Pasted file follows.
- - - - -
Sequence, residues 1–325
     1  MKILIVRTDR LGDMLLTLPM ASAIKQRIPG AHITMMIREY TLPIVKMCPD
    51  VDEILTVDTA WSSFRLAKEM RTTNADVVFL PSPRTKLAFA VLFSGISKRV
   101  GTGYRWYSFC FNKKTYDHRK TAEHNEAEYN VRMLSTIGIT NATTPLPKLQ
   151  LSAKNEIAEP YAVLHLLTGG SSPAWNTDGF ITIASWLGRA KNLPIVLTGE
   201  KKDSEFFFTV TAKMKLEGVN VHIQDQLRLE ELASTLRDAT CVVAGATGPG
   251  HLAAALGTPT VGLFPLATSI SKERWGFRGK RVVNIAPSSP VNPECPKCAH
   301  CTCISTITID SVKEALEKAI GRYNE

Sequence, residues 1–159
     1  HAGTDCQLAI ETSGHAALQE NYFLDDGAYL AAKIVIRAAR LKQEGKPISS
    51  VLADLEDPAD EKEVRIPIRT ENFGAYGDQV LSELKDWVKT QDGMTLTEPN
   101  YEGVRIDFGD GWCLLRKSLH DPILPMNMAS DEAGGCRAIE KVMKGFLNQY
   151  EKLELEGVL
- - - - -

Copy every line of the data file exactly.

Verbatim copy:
Sequence, residues 1–325
     1  MKILIVRTDR LGDMLLTLPM ASAIKQRIPG AHITMMIREY TLPIVKMCPD
    51  VDEILTVDTA WSSFRLAKEM RTTNADVVFL PSPRTKLAFA VLFSGISKRV
   101  GTGYRWYSFC FNKKTYDHRK TAEHNEAEYN VRMLSTIGIT NATTPLPKLQ
   151  LSAKNEIAEP YAVLHLLTGG SSPAWNTDGF ITIASWLGRA KNLPIVLTGE
   201  KKDSEFFFTV TAKMKLEGVN VHIQDQLRLE ELASTLRDAT CVVAGATGPG
   251  HLAAALGTPT VGLFPLATSI SKERWGFRGK RVVNIAPSSP VNPECPKCAH
   301  CTCISTITID SVKEALEKAI GRYNE

Sequence, residues 1–159
     1  HAGTDCQLAI ETSGHAALQE NYFLDDGAYL AAKIVIRAAR LKQEGKPISS
    51  VLADLEDPAD EKEVRIPIRT ENFGAYGDQV LSELKDWVKT QDGMTLTEPN
   101  YEGVRIDFGD GWCLLRKSLH DPILPMNMAS DEAGGCRAIE KVMKGFLNQY
   151  EKLELEGVL